Air base project nears takeoff
Parkway seen as catalyst for site’s redevelopment
After years of delays, the $1.5 billion redevelopment of the shuttered South Weymouth Naval Air Station is taking its first major step forward, with state officials set to break ground on a parkway that will support construction of thousands of homes, offices, retail shops, a golf course, and film studios.
The final sign-off needed to start work on the 3.5-mile road across the base site is expected next week, and private developer LNR Property Corp. said it intends to strike deals this fall to build up to 900 homes in the first wave of development.
“This is a piece of property unlike any other in New England, and we’re finally seeing the investment from others to solidify that,’’ said Kevin Chase, a managing director for LNR.
The effort to redevelop the 1,500-acre air base — one of the largest building projects in Massachusetts — is being jump-started by $45 million in state and federal funding to build the parkway. The road’s construction is seen as a catalyst for the broader effort to reshape the property into a minicity called SouthField, which will include more than 2,850 homes, along with 2 million square feet of commercial space, public parks, and the golf course.
News of the parkway construction, which comes after years of financial problems and bureaucratic delays, is considered a reason for optimism after one of the most prolonged building slumps in recent history.
“To see a large project like this moving forward is a sign the Massachusetts economy is picking up,’’ said Gregory Bialecki, the state’s secretary of housing and economic development.
Bialecki said he has received assurances from multiple developers that they will begin building on the base once the parkway is underway. Initial work will connect Shea Drive in Weymouth to Reservoir Park Drive in Rockland. A second stage, for which funding is still being raised, will connect Route 18 in Weymouth to Route 228 in Rockland. As the start of the work approaches, developers are considering deals to buy land from LNR, the property’s master developer, and start construction in the fall on the base’s first housing complex, to be called SouthField Highlands. A press event to discuss details of the upcoming work is being planned for later this month.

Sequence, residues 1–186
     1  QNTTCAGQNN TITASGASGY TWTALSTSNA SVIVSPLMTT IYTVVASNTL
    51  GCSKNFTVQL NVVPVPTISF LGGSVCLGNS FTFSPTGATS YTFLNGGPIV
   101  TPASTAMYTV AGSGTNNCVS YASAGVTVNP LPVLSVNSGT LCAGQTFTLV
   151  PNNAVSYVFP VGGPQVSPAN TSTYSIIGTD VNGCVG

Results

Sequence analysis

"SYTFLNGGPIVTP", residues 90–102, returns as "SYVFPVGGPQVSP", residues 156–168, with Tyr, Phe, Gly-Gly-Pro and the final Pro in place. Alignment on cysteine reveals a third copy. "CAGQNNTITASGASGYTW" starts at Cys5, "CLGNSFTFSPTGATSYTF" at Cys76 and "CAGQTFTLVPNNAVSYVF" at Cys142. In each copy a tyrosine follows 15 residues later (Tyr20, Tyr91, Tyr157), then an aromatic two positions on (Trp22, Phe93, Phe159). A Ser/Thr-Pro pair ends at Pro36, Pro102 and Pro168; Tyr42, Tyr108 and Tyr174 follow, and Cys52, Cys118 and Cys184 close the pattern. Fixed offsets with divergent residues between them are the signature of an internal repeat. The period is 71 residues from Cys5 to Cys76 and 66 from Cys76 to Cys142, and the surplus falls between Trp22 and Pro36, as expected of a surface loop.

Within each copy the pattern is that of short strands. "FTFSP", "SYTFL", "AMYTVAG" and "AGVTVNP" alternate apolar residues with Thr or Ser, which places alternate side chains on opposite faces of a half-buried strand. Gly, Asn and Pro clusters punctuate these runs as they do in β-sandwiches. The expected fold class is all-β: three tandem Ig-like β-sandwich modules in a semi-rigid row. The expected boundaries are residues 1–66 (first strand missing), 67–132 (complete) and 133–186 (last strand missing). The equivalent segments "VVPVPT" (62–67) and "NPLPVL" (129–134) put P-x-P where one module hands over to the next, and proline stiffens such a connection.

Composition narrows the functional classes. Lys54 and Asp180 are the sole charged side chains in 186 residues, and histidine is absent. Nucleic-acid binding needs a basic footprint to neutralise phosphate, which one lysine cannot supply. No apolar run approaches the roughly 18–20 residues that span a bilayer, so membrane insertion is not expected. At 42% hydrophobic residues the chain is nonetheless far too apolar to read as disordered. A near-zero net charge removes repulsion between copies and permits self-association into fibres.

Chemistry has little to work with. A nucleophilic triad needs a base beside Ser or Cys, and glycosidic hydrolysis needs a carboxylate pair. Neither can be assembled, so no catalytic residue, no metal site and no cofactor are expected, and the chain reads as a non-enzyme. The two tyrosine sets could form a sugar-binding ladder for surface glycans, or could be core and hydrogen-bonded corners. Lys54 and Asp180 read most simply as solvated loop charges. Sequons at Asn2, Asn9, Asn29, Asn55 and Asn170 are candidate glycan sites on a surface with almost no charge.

Communities surrounding the base — Weymouth, Rockland, and Abington — have been waiting for work to commence since the Navy ceased operations there in 1997. “Finally, we have some good news to report,’’ said state Representative Ronald Mariano, a Democrat from Quincy who represents neighborhoods around the base. “What’s going to start happening out there is going to be pretty significant for the region.’’
The project still faces several hurdles. LNR and the government entity that oversees the base, South Shore Tri-Town Development Corp., must close a deal with the Navy to buy much of the land where future building would occur. The entities still need to acquire about 830 acres they have targeted as sites to develop additional homes, offices, and part of the golf course.
Kevin Donovan, executive director of South Shore Tri-Town, said he and LNR executives met with Navy officials Thursday, and the talks appear to progressing.
The base’s redevelopment could also be slowed by the sluggish commercial real estate market. LNR does not have any legal commitments from companies that want to build stores and offices on the land.
Chase said the developers of a film studio want to begin construction by the end of the year, but there is little demand for development of office buildings, particularly when it is less expensive to buy an existing vacant building.
“The commercial markets in general are experiencing a very difficult time,’’ Chase said. “I don’t have a crystal ball on when we’re going to see a significant move forward on that front.’’
Casey Ross can be reached at firstname.lastname@example.org.